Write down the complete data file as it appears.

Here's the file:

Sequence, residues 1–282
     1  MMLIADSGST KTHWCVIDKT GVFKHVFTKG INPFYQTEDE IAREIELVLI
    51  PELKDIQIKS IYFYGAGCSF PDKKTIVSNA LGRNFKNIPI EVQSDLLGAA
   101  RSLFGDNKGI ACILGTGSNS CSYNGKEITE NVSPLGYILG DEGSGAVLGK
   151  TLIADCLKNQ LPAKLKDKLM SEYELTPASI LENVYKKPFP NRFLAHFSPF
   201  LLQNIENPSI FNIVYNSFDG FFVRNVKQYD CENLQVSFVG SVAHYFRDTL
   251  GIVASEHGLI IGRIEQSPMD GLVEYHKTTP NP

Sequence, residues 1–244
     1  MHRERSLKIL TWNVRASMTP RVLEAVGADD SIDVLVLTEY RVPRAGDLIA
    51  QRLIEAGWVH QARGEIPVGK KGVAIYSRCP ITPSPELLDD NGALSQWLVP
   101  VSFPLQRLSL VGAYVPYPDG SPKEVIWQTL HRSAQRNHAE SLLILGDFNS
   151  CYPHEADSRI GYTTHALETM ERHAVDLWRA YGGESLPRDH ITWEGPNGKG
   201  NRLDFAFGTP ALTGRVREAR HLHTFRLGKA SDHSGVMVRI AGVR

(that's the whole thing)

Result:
Sequence, residues 1–282
     1  MMLIADSGST KTHWCVIDKT GVFKHVFTKG INPFYQTEDE IAREIELVLI
    51  PELKDIQIKS IYFYGAGCSF PDKKTIVSNA LGRNFKNIPI EVQSDLLGAA
   101  RSLFGDNKGI ACILGTGSNS CSYNGKEITE NVSPLGYILG DEGSGAVLGK
   151  TLIADCLKNQ LPAKLKDKLM SEYELTPASI LENVYKKPFP NRFLAHFSPF
   201  LLQNIENPSI FNIVYNSFDG FFVRNVKQYD CENLQVSFVG SVAHYFRDTL
   251  GIVASEHGLI IGRIEQSPMD GLVEYHKTTP NP

Sequence, residues 1–244
     1  MHRERSLKIL TWNVRASMTP RVLEAVGADD SIDVLVLTEY RVPRAGDLIA
    51  QRLIEAGWVH QARGEIPVGK KGVAIYSRCP ITPSPELLDD NGALSQWLVP
   101  VSFPLQRLSL VGAYVPYPDG SPKEVIWQTL HRSAQRNHAE SLLILGDFNS
   151  CYPHEADSRI GYTTHALETM ERHAVDLWRA YGGESLPRDH ITWEGPNGKG
   201  NRLDFAFGTP ALTGRVREAR HLHTFRLGKA SDHSGVMVRI AGVR